You will make many friends but you will also make enemies as well, the more opinionated you are the more you will polarize people. Take your fishing seriously but whatever you do don’t take yourself too seriously! Be known as a good guy, there are only a few who get well known and get away by being Mr. Nasty, no room for Simon Cowells in our game! If I have nothing nice to say about someone these days I say nothing at all.
Good luck to anyone with these aspirations; barbel fishing is a great pastime and a little bit of recognition can only enhance the journey, if your skin is thick enough. As with anything in life it’s all about staying around for the long game. Anyone can be famous for five minutes, it’s a lot harder to last five years and if you are in it for the long run – say twenty years – who knows you may become a legend yourself by 2035, doubt if I’ll be around to see it though!
That’s it for this topic, so in the immortal words of Ant (or is it Dec?!)….get me outta here!
Before I sign off for this month I want to say a few words on a couple of topics that have stimulated recent discussion on the FM forum starting with that perennial old chestnut – the close season. I don’t sit on the fence on this one, over the years I’ve written many words, read all the arguments, attended a number of meetings and my support for the status quo is unequivocal. I really don’t care what the boaters, walkers, kayakers, canoeists, Uncle Tom Cobley and all do; we river anglers show we actually care by observing a seasonal break and that really is good enough for me.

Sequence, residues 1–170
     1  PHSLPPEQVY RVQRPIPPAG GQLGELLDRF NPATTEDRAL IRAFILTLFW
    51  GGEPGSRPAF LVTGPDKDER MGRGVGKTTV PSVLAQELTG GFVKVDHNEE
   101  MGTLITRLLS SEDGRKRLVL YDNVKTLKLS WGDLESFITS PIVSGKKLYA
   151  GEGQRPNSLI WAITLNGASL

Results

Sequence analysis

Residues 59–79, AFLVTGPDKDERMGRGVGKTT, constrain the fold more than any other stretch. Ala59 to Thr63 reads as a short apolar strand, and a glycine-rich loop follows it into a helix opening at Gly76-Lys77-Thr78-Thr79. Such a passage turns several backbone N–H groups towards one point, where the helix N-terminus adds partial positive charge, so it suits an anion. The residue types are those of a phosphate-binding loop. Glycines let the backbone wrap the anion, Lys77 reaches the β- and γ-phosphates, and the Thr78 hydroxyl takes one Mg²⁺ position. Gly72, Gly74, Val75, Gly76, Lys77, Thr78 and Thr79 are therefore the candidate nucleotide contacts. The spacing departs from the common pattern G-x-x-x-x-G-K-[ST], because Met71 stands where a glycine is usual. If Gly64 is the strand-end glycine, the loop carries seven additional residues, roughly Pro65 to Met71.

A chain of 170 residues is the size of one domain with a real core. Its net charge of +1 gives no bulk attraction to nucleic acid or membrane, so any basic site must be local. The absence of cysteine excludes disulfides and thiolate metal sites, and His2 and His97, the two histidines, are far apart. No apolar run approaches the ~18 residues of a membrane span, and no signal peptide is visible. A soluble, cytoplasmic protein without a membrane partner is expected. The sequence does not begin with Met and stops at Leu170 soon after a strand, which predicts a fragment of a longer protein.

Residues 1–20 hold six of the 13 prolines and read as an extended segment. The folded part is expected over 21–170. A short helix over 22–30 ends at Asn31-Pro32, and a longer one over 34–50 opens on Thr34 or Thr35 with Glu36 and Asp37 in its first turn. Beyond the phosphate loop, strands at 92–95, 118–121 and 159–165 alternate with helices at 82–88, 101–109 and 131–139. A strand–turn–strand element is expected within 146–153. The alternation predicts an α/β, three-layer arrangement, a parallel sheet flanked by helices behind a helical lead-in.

The Barbel Society Handling Code is now the subject of an excellent film produced by arguably the best filmmaker around Hugh Miles, and featuring one of the country’s finest anglers, Pete Reading. I’m very proud of the Handling Code, I wrote the draft as an article for the Barbel Catchers magazine taking the idea from the Pike Anglers Club and it went on to form the basis for the Code as it is today. It has been tidied up in recent times by among others Lee Fletcher who I mentioned earlier.